The only disadvantages that occur to me are: (1) they require regular attention (feeding and watering), (2) need someone to take care of them when you are away on holiday, (3) outgrow their pots, become root-bound and need to be potted on, and (4) sometimes flourish so well that they eventually require a pot that is too large for the situation in which they are placed (eg a narrow window shelf).
Certainly, the leaves of some species, such as aspidistras and rubber plants, need to be cleaned occasionally, because they are fairly broad and accumulate dust, and this is easily done by wiping them gently with a damp cloth. Spraying before removing the dust is not a good idea, as the dust won't all be removed and, over time, is likely to form a 'skin' on the leaf surface, which will reduce the amount of light it receives.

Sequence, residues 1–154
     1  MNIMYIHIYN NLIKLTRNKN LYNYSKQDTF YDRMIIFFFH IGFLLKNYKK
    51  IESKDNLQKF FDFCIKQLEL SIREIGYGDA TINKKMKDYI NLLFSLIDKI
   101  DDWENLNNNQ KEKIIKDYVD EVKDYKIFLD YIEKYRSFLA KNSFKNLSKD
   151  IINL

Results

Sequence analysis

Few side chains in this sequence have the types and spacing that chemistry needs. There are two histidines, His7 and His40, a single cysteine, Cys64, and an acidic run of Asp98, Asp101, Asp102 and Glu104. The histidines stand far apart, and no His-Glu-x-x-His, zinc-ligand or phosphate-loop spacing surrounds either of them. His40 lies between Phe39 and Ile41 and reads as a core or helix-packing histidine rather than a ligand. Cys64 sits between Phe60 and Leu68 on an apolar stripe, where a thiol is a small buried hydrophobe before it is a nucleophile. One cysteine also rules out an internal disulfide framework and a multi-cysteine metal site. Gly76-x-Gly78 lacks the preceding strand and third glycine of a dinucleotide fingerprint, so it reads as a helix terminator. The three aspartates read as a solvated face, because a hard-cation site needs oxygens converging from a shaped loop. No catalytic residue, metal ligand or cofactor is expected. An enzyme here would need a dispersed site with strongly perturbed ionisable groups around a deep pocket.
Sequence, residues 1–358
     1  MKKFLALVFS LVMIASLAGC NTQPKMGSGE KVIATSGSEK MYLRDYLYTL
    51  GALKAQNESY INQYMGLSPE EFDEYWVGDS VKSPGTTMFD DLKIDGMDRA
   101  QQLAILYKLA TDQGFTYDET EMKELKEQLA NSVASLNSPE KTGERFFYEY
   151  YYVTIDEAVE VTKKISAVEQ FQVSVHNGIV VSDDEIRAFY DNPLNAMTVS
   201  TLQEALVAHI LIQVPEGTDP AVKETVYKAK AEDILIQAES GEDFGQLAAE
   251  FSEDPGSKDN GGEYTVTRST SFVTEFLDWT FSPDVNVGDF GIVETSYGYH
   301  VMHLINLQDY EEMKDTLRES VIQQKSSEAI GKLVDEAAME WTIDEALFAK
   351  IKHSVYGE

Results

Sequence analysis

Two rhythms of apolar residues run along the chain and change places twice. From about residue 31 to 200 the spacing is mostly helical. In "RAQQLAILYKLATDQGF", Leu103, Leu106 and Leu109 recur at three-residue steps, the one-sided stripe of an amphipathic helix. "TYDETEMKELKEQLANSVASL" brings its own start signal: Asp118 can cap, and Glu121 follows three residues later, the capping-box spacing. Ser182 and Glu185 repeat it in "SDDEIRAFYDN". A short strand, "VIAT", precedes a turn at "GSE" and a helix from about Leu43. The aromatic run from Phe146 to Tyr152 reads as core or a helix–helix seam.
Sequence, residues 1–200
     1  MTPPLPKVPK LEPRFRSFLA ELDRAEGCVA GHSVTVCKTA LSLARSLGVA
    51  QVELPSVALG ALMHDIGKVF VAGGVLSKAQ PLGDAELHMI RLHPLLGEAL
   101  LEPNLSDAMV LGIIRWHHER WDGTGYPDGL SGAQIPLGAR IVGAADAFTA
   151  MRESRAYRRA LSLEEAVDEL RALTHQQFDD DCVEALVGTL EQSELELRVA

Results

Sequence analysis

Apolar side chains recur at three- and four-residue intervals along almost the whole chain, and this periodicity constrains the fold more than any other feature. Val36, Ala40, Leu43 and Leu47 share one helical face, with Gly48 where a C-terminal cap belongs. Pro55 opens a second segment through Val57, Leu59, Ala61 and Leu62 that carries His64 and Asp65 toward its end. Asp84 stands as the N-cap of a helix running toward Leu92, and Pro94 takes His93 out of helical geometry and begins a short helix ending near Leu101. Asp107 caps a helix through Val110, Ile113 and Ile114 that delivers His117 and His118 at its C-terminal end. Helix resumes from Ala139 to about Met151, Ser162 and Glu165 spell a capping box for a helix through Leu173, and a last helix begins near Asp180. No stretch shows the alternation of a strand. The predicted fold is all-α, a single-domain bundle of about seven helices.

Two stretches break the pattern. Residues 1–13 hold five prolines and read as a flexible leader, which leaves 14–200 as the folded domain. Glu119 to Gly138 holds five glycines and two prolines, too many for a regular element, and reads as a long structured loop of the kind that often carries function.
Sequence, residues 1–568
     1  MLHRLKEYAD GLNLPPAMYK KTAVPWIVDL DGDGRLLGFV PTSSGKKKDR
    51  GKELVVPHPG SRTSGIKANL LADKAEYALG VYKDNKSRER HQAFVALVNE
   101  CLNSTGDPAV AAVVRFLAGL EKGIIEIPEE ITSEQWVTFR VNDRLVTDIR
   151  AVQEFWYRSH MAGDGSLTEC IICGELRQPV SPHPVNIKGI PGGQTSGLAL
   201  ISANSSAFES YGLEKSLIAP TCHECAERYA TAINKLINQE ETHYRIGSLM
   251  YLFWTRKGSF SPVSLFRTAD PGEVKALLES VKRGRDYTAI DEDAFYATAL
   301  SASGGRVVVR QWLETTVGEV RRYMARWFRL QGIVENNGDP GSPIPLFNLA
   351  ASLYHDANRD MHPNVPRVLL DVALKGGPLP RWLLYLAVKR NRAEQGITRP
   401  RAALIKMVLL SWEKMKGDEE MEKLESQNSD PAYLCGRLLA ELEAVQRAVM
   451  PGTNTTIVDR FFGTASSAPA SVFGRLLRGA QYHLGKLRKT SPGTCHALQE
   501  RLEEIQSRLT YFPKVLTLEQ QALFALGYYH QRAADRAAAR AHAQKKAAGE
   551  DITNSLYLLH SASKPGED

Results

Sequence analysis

It's important to water pot plants thoroughly (until water drains out of the bottom of the pot), otherwise they will be encouraged to surface-root in search of water and become stressed. You can stand your pots in the sink to drain them after watering and then place them on trays or, if small pots, on saucers.
When I started keeping house plants, I found the following guide invaluable; I would strongly recommend it - if it isn't available where you are, you could probably order it online: "The New House Plant Expert", by Dr.D.G.Hessayon (pbi Publications). The one I have was published in 1996, but there is likely to be a more up-to-date edition. Good luck with your indoor gardening!